First of all, let’s just state the obvious:  it is impossible to write a comprehensive, scientifically valid catalog of all mental illnesses (particularly when some argue convincingly that mental illness is itself a false concept).  When we’re talking about conditions that have both biological and sociocultural origins (in fact, this has long been part of the distinction between “neurologic” and “psychiatric” disease), it seems clear that a diagnostic manual will never capture the full spectrum of psychiatric disorders.  Even if we included semi-accurate biological markers in the diagnostic criteria—a Holy Grail we’re far from attaining—mental illness will always, in the end, depend primarily upon the patient’s subjective experience.

Thus, the DSM-5, like all DSM’s before it, will be, almost by definition, incomplete or deficient.  It will be a descriptive tool, a taxonomy, a guidebook, featuring the authors’ best guess as to what might constitute a treatable condition.  For example, in real life there is no one thing called “major depressive disorder” as it appears in the DSM-IV (in fact, there are 1,497 variations).  Nonetheless, we use “MDD” to label all of our patients with these combinations of symptoms, because it’s the best fit.  But a good mental health professional doesn’t treat MDD, he or she treats the person with MDD.  Calling it “MDD” is only necessary for insurance billing, for drug companies to get FDA approval for new pharmaceuticals, and for patients and docs to give a name to (and, if necessary, demystify) their condition.

In other words, the danger lies not in the label, but in how we use it.  In fact, one might even argue that a lousy label—or a label that is so nonspecific that it applies to a broad swath of the population, including some in the “normal” part of the spectrum (wherever that may be)—may actually be beneficial, because it will be so meaningless that it will require the clinician to think more deeply about what that label is trying to convey.

As an example, consider “chronic pain,” a label frequently applied to patients and written in their charts.  (Even though it’s often written as a diagnosis, it is really a symptom.)  “Chronic pain” simply implies that the patient experiences pain.  Nothing more.  It says nothing about the origin of the pain, what exacerbates or soothes it, how long the patient has experienced it, or whether it responds to NSAIDs, opioids, acupuncture, yoga, or rest.  When a new patient complains of “chronic pain” to a good pain specialist, the doctor doesn’t just write a script; he or she performs an examination, obtains a detailed history and collateral information, and treats in a manner that relieves discomfort yet minimizes side effects (and cost) to the patient.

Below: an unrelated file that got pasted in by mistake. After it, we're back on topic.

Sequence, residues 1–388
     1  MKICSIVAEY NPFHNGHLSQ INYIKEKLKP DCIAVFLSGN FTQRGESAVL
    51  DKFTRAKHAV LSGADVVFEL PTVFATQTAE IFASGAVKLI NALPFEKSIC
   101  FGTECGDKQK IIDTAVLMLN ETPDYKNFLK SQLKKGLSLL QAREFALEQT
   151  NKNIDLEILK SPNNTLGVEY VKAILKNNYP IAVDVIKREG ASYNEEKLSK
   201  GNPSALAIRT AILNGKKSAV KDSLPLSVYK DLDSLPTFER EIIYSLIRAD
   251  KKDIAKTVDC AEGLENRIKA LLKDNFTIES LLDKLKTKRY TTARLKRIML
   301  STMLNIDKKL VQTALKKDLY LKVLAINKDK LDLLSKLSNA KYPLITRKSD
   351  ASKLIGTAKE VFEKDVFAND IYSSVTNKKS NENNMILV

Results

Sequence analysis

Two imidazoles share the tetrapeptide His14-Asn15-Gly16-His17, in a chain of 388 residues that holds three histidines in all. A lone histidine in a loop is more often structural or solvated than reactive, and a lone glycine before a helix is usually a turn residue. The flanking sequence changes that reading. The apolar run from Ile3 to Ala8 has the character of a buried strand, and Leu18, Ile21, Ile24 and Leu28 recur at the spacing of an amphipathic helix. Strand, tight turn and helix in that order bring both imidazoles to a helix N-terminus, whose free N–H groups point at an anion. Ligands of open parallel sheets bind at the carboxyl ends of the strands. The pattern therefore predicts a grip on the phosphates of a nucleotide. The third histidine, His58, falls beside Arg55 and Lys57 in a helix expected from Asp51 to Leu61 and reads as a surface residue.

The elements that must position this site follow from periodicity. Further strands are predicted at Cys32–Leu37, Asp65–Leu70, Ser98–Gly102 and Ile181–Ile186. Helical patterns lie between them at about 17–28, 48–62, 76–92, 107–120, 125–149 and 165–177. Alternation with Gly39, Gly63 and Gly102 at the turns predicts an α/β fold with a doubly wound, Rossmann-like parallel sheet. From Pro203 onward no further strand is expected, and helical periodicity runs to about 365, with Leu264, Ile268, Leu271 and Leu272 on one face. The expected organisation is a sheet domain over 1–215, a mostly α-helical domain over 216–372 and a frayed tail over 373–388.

Perhaps this is what we can do in psychiatry, even with the reviled new DSM-5 diagnoses like “Attenuated Psychosis Syndrome” or “Disruptive Mood Dysregulation Disorder.”  Each of these new “diagnoses” suggests something about the patient and his or her behavior or experience.  But neither one should predict a course of treatment.  In fact, a vague diagnosis should actually prompt the doctor to probe more deeply into a patient’s symptoms and determine their impact on the patient’s well-being and functional status (which may actually help improve disability evaluations, too).  On a population basis, the heterogeneity of patients given a diagnosis might stimulate further research (neurobiological, psychological, epidemiologic, maybe even anthropological) to determine more specific subtypes of illness.

Will the new diagnoses be “overused”?  Probably.  Will they lead to “overdrugging” of patients—the outcome that everyone fears?  I guess that’s possible.  But if so, the spotlight should be turned on those who do the overdrugging, not on the document that simply describes the symptoms.  This may turn out to be difficult: official treatment guidelines might come out with recommendations to medicate, insurance companies may require diagnoses (or medications) in order to cover psychiatric services, and drug companies might aggressively market their products for these new indications.  And there will always be doctors who cut corners, arrive at diagnoses too quickly and are eager to use dangerous medications.  But these targets, ultimately, are where the anti-DSM-5 efforts should be placed, not on its wholesale rejection.

In the end, one could argue that the DSM-5 is unnecessary, premature, and flawed.  Unfortunately, it simply reflects our understanding of mental illness at this point in time.  But is it a “dangerous public health experiment,” as Allen Frances has warned?  Only if we allow it to override our eyes and ears, our hearts and minds, and what our patients truly need and want from us.   In the end, it’s just a book.  What really matters is how we use it.

Prove That You Need Me

December 11, 2011

I’ll confess, sometimes after I see a patient I ask myself, “was that really necessary??”  That’s not to suggest that the interaction was a complete waste of time, or that I regularly provide treatment that is excessive or harmful, but I am frequently reminded of an observation I first made many years ago:  we in psychiatry provide a lot of “care” that might be considered unnecessary and, in the long run, wasteful and inefficient.